This year Mr. Abrams bought a house in North Carolina for the day when Hollywood no longer finds him or his plots of interest. For the moment, his office is a converted garage behind the duplex in Los Angeles where he lives with his wife, Alice, and 6-year-old daughter, Rachel.

Right now, he says he is reasonably happy, despite any screenwriter's subservient place in the power structure. Fox likes his rewrite of "Theater of Life," about an introverted scientist who stumbles into an international conspiracy, but has turned down his idea for a comedy about identical twins, written with Macaulay Culkin in mind.

Paramount is happy with his rewrite of "House-o-Matic," about a house that terrorizes its occupants. His favorite script, his Christmas comedy "Joy," has been optioned by a small production company but is far from becoming a movie.

Recently, however, there was one unadulterated triumph. Abrams's former boss at Rogers & Cowan, Ronni Chasen, has become senior vice president of publicity at M-G-M.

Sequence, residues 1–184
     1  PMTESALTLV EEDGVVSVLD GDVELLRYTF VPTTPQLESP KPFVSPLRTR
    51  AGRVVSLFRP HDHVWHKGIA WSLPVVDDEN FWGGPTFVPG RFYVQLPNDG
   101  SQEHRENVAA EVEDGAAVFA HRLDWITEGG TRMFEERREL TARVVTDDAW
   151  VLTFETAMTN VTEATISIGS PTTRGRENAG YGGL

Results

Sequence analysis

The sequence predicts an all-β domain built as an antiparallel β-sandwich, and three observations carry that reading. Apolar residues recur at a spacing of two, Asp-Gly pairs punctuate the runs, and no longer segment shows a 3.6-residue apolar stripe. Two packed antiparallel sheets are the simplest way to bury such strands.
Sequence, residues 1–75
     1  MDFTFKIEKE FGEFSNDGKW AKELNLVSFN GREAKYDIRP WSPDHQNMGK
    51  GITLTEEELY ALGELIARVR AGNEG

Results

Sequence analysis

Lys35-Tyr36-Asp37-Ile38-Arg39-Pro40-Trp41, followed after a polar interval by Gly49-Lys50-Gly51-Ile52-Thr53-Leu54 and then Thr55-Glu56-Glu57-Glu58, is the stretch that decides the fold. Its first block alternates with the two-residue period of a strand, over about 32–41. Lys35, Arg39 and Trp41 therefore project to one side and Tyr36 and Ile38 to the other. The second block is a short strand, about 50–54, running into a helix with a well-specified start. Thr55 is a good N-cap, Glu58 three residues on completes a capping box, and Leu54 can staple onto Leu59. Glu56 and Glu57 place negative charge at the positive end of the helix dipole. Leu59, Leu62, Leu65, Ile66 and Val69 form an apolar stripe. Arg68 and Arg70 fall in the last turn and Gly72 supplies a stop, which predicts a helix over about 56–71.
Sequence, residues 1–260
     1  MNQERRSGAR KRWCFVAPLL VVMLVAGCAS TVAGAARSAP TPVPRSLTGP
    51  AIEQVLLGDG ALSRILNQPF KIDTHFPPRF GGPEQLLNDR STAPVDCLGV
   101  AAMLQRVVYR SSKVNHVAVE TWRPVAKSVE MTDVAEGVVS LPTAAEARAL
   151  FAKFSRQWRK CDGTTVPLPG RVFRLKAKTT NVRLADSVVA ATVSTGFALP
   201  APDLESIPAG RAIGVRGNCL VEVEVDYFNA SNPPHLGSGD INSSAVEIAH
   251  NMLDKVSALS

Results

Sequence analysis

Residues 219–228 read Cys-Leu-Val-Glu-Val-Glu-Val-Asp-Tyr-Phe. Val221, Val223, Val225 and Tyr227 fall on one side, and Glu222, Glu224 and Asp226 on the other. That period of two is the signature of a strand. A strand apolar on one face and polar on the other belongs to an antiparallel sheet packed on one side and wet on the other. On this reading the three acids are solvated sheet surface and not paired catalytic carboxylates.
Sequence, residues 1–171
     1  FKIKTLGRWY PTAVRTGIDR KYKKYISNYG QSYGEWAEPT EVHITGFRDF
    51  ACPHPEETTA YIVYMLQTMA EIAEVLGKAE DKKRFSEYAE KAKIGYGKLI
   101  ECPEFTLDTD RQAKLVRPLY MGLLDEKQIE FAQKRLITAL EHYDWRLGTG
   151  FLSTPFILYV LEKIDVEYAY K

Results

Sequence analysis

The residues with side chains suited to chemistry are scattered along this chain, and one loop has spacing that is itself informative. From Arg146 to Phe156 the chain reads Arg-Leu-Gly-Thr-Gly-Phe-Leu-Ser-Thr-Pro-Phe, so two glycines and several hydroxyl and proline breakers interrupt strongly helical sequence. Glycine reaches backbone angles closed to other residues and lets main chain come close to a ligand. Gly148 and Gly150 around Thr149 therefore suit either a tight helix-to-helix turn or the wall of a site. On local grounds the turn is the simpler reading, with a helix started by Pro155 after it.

"I was meeting with her boss about 'Undercover Blues,' " he says, "and she walked in and, with disdain on her face, said, 'Ian Abrams, what are you doing here?' And I realized she thought I was looking for a job. And I said, 'You don't know what I'm doing here, do you, Ronni? I wrote what is supposed to be your big summer movie.' "

For a screenwriter, such a moment of revenge is rare.

More common is the need to peddle one's wares. By the beginning of November, Mr. Abrams had still not sold "Pirate Bill." But he has told the story so often that every scene is clear in his mind, and he has decided he will write the screenplay before finding a buyer. He is gambling that someone will pay twice as much for the finished script as for the idea alone. More important, he can once again create a perfect universe, filling his head with a flawless stock company of Tom Hanks as Pirate Bill, Bob Hoskins as his chief thug and Valeria Golino as the princess -- while he remains resolutely, deliberately unaware of the compromises that will inevitably follow the sale of the script.

GRAPHIC: Photos: Dennis Quaid and Kathleen Turner in "Undercover Blues" -- Movie executives would have to take its screenwriter seriously. (M-G-M)(pg. 20); Ian Abrams -- "The object of the game is not to get your name on the screen. It's to get your name on a check. If they pay you, you win." (Steve Goldstein for The New York Times)(pg. 13)